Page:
Paris partners Galea very ably. In her early scenes with Benedick, perhaps she used too much vocal volume and stuck too much to one pitch. But in her scenes with Hero and the other ladies she revealed herself early on as an attractive and loving personality, while in the later scenes she showed a near-tragic strength, convincing both Benedick and the audience that she was just the wife Benedick really wanted.

Gatt’s production was notable for its effective use of 1940s popular music and dancing, and he ends it with the entire cast dancing as an ensemble and then in­dividually or in small groups. Music and dancing made it easy for today’s audiences to see how, at the end of the 16th century, people could have fun, especially if they belonged to the ruling class. Use of props was minimal, and some of it ill-judged, but on the whole, Gatt made us see how a play of this time can be effective using limited stage devices, apart from the sophisticated lighting.

Gatt has cut some of the text in order, for instance, to make the capture by the constables of the villains Conrad and Boracchio much tighter. More interestingly, he has made Leonato’s wife Imogen, who has no speeches in the text, into a character we cannot but notice, especially as performed by the admirable Polly March.

Gatt’s Imogen is given lines spoken in the text by other characters, and in the repudiation scene she is given the lines spoken in the text by Antonio, who has been omitted in this production. She makes up in her aggressive attitude towards Claudio and Don Pedro for the relatively restrained reaction of Leonato, a part that emerged in three dimensions as performed by Colin Willis, a delightfully urbane patrician who just cannot cope with the scandalous crisis created by his daughter Hero’s undeserved disgrace at her wedding.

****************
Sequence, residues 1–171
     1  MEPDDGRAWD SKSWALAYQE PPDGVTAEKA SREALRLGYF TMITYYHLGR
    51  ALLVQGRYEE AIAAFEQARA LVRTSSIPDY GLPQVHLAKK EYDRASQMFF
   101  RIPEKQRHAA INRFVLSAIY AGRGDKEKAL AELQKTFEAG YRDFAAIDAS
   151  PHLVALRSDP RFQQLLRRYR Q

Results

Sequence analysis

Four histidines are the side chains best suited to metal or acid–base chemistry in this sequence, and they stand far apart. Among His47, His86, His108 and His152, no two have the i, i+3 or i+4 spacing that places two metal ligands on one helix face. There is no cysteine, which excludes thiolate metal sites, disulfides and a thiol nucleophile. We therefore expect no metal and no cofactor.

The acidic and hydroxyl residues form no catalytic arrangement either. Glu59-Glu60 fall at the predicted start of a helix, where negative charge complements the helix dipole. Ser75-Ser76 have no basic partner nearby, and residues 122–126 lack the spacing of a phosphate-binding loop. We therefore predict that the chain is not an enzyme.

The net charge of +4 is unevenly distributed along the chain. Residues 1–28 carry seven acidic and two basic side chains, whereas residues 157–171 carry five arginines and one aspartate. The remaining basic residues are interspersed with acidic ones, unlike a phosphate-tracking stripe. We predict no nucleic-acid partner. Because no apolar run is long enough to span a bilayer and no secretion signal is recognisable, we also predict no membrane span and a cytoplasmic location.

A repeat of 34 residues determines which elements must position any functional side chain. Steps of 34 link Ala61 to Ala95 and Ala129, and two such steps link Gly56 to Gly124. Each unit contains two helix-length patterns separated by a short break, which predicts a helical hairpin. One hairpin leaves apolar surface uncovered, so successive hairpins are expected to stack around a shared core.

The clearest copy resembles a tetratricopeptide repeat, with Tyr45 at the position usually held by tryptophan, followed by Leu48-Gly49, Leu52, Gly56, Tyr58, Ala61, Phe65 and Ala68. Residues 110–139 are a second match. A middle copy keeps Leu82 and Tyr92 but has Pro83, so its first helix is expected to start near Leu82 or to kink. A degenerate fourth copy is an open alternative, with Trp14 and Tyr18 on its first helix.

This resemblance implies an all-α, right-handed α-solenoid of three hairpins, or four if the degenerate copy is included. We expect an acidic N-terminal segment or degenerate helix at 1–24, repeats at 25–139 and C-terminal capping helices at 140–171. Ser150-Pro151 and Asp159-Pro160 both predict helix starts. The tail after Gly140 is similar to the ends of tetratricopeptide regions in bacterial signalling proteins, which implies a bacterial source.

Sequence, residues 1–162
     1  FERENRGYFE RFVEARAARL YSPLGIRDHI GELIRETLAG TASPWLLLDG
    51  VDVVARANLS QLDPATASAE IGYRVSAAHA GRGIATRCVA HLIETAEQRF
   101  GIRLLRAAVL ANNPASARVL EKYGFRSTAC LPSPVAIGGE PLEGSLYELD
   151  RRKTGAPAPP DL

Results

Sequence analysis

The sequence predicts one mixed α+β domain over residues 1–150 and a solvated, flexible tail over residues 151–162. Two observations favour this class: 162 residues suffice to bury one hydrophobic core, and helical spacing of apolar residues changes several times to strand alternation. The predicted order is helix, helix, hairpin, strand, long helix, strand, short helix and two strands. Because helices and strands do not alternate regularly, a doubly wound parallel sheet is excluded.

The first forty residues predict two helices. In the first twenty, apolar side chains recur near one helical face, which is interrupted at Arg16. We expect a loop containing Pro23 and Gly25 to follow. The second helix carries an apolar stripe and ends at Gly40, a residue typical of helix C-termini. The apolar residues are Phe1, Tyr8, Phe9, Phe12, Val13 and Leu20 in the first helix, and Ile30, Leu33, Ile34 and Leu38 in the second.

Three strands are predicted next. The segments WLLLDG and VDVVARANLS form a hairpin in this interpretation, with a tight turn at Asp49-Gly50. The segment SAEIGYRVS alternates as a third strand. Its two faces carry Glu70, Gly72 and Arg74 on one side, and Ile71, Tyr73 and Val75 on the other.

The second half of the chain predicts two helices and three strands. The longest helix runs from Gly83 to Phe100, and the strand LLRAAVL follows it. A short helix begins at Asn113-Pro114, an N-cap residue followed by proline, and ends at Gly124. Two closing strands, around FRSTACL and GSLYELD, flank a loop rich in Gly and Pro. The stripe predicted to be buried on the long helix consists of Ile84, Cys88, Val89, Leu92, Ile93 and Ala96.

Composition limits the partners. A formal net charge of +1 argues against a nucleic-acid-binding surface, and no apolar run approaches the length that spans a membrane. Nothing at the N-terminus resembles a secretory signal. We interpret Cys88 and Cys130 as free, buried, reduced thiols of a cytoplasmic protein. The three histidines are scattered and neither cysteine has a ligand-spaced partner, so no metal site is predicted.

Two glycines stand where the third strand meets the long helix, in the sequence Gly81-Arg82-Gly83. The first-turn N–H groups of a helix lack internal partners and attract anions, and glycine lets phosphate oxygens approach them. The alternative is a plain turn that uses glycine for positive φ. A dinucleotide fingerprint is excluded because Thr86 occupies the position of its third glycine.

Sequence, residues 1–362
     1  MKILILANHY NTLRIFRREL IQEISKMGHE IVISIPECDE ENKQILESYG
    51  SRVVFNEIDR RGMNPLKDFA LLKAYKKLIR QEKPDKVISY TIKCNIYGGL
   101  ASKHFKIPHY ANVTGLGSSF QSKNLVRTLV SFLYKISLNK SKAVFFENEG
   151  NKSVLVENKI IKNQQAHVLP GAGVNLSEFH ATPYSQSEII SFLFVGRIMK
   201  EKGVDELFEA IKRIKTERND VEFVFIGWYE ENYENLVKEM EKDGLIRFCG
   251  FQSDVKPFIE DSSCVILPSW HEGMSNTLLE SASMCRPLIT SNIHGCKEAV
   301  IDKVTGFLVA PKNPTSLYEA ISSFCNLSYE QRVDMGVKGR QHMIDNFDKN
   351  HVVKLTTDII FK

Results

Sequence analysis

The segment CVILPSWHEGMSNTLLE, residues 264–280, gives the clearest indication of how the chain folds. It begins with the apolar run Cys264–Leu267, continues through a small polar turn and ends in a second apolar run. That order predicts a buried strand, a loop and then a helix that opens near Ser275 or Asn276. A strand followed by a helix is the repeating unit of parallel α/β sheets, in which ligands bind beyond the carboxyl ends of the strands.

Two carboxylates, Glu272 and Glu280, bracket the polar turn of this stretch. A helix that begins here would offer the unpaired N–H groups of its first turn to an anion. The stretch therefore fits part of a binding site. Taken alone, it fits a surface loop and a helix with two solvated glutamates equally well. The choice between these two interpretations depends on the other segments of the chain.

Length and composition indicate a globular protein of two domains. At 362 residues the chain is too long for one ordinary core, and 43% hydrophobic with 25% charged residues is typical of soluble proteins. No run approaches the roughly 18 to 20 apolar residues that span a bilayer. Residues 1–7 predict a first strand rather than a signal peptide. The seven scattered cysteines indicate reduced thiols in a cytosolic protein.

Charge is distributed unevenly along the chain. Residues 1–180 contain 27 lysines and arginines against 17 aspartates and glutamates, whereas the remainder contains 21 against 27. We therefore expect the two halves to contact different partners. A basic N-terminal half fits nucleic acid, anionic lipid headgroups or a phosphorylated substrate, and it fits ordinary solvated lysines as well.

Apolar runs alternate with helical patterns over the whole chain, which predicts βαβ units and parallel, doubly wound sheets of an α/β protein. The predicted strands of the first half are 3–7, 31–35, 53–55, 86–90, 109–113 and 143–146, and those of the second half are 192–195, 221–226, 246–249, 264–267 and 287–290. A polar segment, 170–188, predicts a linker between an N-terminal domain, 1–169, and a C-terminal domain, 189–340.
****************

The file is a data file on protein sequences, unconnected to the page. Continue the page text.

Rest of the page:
Nicola Abela Garrett’s Hero, despite the relatively few lines the text gives her, was a lively and sexy, though never flirtatious, young woman for whom Claudio (a lightweight Andre Agius) justifiably falls and whom he much less justifiably believes to be wanton. She played the repudiation scene very sensitively. In a small part, that of Hero’s flirtatious and somewhat dim lady-in-waiting Margaret, Steffi Thake made her mark, especially in her scene with Benedick.

Cachia Zammit’s Don Pedro kept his stature as a high officer, even when he was having fun with his officers, but made us see his limitations when he strongly supported Claudio’s shocking repudiation of Hero. He did not even refrain from being discourteous to his host Leonato after that event.

Michael Mangion’s sour-faced Don John, notable in this production for his cigarette smoking, spoke his lines with much elegance and lucidity, and following his confession early on about his being a villain, he made it easy for us to take him at his word.

I have to mention Luke Farrugia, whose naval chaplain (a friar in the text) was not only beautifully spoken but also radiated common sense and good humour.